Bears' top play winner: Walter Payton's run

July, 11, 2014
Jul 11
10:00
AM ET
Walter PaytonTony Tomsic/Getty Images

This is the play voters and ESPN Bears reporter Michael C. Wright picked as the most memorable play in Chicago Bears history, narrowly beating out William “Refrigerator” Perry’s touchdown run in Super Bowl XX and Devin Hester’s 92-yard kickoff return to open Super Bowl XLI.

Score: Bears 28, Chiefs 27
Date: Nov. 13, 1977. Site: Soldier Field

Thank you, thank you, thank you, voters. We definitely agree on this one. But as time ticked away on voting for the Chicago’s most memorable play, there certainly was trepidation about how things would pan out as Walter Payton’s rather beastly run against the Chiefs in 1977 was basically neck-and-neck with William “Refrigerator” Perry’s touchdown in Super Bowl XX as the voting deadline neared.

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No knock on Perry, as his touchdown certainly was “memorable.” But for many Bears fans, that Perry play served as reminder that Payton didn’t score a TD in that Super Bowl trouncing, which from this vantage point, was a travesty.

As is the case with fellow Chicago icon Michael Jordan, it’s difficult to pull a top play from the many Payton blessed fans with throughout his 13-year NFL career. But this one embodied Payton as a runner, fully displaying all the attributes that made “Sweetness” one of the best running backs.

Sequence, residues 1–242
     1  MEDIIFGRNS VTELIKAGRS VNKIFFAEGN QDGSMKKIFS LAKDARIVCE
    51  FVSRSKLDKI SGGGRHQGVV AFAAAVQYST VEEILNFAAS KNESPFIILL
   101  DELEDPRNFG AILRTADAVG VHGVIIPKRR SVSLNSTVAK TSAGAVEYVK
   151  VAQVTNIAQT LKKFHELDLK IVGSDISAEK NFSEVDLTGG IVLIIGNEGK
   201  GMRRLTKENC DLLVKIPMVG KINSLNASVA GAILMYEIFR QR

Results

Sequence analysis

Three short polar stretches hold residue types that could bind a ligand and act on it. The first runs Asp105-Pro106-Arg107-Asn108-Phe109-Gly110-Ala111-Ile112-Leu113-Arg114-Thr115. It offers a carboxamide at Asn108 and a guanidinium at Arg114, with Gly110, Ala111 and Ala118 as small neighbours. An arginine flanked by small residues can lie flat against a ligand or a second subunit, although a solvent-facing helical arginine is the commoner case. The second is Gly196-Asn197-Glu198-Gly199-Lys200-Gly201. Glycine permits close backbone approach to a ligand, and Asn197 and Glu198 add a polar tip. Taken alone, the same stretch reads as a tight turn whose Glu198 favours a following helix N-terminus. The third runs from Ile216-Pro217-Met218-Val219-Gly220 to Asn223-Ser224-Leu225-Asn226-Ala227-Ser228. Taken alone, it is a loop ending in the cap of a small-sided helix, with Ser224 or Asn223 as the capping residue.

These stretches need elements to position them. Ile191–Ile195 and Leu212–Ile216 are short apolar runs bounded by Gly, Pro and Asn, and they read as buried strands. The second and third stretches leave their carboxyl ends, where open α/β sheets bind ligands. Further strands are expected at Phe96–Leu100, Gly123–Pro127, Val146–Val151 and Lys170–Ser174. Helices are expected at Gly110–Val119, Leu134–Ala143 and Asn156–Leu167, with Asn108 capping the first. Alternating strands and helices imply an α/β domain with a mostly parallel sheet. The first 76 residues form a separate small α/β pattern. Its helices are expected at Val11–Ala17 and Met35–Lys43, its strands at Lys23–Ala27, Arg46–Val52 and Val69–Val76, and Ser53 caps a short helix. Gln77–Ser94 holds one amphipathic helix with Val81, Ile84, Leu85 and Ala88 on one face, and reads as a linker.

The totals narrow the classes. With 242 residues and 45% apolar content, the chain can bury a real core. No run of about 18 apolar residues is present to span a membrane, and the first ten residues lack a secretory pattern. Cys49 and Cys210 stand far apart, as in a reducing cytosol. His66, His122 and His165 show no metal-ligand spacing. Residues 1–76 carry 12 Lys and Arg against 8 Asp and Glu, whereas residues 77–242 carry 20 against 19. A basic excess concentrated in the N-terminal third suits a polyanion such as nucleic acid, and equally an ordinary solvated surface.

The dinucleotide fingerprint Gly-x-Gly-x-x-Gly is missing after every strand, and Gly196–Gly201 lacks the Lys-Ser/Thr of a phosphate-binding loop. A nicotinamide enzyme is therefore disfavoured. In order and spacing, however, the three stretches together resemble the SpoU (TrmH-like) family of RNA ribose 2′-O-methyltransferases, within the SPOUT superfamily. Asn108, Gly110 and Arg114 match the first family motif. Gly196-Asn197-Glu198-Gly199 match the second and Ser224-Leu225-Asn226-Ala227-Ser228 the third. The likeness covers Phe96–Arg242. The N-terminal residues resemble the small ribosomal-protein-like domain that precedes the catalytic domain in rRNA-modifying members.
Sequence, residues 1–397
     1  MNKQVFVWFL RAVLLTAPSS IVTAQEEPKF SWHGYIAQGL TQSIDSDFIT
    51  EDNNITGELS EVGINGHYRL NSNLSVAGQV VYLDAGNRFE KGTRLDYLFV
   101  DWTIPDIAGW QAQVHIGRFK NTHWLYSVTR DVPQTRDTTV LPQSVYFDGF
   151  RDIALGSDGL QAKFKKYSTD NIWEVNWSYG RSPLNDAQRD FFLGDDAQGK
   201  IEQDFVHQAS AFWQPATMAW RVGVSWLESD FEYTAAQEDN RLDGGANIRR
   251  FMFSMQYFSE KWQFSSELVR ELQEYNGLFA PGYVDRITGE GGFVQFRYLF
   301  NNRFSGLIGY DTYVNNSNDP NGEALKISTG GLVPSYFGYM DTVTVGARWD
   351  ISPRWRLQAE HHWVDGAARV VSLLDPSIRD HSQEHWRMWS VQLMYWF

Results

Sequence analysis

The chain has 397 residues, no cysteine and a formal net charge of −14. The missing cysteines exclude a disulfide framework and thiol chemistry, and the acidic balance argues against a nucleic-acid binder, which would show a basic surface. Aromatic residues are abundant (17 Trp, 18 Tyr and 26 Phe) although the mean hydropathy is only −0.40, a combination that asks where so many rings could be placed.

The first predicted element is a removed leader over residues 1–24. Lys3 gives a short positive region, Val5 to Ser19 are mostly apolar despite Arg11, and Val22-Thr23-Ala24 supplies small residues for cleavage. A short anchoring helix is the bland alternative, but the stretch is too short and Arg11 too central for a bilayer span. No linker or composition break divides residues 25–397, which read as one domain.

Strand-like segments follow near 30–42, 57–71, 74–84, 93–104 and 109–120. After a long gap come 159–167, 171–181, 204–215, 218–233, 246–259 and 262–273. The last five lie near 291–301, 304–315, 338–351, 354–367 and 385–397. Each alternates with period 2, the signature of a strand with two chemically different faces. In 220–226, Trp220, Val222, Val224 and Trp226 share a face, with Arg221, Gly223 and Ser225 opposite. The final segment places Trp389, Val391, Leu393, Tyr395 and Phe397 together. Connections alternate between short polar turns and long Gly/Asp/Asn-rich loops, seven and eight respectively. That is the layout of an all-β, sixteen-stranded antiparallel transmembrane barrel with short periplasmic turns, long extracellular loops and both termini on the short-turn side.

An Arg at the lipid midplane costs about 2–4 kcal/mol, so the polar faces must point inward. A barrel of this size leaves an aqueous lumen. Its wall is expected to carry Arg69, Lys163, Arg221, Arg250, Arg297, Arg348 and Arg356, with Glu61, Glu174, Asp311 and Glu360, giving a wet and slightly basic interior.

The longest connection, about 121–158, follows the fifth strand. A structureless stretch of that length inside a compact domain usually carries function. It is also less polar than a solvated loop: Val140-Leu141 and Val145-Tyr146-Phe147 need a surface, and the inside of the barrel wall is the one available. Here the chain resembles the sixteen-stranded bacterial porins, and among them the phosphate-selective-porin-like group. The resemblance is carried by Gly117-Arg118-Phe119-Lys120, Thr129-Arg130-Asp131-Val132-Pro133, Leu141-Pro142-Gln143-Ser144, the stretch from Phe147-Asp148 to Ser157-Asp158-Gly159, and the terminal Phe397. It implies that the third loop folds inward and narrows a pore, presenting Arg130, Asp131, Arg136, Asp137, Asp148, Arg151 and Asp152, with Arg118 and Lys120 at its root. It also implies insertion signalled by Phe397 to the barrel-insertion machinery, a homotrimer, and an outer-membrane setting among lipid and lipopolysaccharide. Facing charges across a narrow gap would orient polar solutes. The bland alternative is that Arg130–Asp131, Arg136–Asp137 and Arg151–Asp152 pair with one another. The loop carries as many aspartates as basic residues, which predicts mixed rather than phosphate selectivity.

With the Bears down 17-0 in the third quarter, Payton took a handoff right, spun away from linebacker Willie Lanier and Tim Gray, cut back left and made three Chiefs miss, in addition to plowing over two others before being dragged down from behind at the Kansas City 4. In all, Payton broke seven tackles on a run that sparked Chicago’s eventual 28-27 comeback win.

“If you look at the video, I’m within three or four feet of him four times,” Chiefs defensive tackle John Lohmeyer said in the book, “Sweetness: The Enigmatic Life of Walter Payton.” “I didn’t give up because it was well known that you couldn’t get him down with ease, and he was an escape artist. I tried tackling him. We all did.”

Seattle’s Marshawn Lynch might hold the “Beast Mode” nickname, but Payton’s 1977 run against the Chiefs might be true definition of that moniker. Not only was Payton’s run the best play in franchise annals, it’s arguably the top run in NFL history.

Michael C. Wright

ESPN Chicago Bears reporter

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